Crude oil prices moved higher…
Nuclear power generation could help…
Crude oil prices will trade in a range between $45 a barrel and $80 a barrel in the period until 2035, under a set of scenarios developed by the Russian energy ministry in a draft general plan for the gas industry.
"Scenario conditions [imply] the range of oil prices from the lower to the upper limit - from $45 to $80 per barrel. This is a very significant range that allows us to see the boundary conditions in order to determine the measures, our actions in a particular scenario," said the director of the Oil Refining and Gas Processing Department at the Ministry of Energy, Anton Rubtsov, as quoted by TASS.
Oil prices are important for gas development plans of this sort because long-term gas supply deals are calculated based on international oil prices. Yet long-term oil price forecasts are notoriously unreliable because of the sheer number of unforeseen events that can occur during that time.
Right now, oil is once again on the rise, as the U.S. Energy Information Administration reported a substantial crude oil inventory draw for last week and as new Covid-19 case numbers in the United States finally begin to decline. A move by President Joe Biden to temporarily ban oil and gas drilling on federal land contributed to the bullish sentiment. Yet the rally has been tempered by worry about the resurgence of the coronavirus in China, highlighting yet again the central importance of China for international oil markets.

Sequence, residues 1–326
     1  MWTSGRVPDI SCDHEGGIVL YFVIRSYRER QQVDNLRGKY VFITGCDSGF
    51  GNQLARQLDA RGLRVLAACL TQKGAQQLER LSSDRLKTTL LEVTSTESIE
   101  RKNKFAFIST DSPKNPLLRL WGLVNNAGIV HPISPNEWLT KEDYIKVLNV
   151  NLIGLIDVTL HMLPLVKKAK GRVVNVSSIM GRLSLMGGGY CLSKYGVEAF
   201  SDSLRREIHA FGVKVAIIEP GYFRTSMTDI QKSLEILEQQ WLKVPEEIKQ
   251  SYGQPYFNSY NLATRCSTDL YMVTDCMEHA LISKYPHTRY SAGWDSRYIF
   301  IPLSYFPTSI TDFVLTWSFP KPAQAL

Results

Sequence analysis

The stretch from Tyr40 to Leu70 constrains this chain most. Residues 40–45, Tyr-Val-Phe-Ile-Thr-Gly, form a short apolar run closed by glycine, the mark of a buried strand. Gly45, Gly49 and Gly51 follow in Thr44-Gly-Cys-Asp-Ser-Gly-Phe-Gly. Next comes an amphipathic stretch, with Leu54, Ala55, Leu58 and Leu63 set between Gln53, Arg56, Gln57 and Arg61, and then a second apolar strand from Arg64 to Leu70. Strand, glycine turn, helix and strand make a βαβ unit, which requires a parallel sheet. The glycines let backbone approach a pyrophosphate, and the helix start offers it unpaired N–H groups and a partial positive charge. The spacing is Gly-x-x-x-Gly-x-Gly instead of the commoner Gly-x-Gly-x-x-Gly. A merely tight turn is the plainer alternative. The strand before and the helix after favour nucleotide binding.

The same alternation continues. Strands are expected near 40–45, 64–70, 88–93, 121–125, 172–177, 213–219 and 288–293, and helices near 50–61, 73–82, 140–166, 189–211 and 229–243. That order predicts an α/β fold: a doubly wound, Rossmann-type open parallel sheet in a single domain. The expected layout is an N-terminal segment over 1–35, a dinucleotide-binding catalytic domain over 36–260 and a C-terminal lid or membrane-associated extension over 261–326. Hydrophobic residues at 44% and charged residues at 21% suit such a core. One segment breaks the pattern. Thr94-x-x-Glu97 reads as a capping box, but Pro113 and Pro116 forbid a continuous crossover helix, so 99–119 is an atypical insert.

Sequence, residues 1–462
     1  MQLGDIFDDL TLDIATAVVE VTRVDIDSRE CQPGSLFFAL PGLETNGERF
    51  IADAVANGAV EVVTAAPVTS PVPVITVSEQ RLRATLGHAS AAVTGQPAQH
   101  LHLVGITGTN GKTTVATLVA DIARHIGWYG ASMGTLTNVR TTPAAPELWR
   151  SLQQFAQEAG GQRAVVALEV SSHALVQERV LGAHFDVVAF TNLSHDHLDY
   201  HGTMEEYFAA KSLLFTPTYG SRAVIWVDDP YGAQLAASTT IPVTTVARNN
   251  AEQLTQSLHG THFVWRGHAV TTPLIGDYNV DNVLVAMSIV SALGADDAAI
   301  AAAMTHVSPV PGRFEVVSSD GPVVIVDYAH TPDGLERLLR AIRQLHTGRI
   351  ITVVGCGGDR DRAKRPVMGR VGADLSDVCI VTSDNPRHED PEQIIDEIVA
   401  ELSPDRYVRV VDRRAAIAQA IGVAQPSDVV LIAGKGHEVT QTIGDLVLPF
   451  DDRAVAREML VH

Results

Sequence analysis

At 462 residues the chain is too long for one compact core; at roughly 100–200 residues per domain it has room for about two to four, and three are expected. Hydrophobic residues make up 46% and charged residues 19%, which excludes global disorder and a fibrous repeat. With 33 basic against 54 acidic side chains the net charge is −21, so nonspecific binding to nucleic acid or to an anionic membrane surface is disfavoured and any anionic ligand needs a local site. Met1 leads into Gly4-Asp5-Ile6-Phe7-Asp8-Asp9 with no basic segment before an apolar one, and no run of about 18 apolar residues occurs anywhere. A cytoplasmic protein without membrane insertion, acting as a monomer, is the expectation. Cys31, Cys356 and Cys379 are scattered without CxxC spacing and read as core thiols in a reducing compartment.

Banks, meanwhile, are also getting optimistic about the oil industry: lenders expect further price improvement as the pandemic subsides this year, which would, in turn, boost oil and gas revenues and reduce the number of loans in distress, Natural Gas Intel reported earlier this week.
Of course, any further price recovery hinges on OPEC+ keeping the lid on production growth at least over the short term as much as it hinges on the hoped-for improvement in fuel demand after the pandemic.
By Irina Slav for Oilprice.com
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Irina is a writer for Oilprice.com with over a decade of experience writing on the oil and gas industry.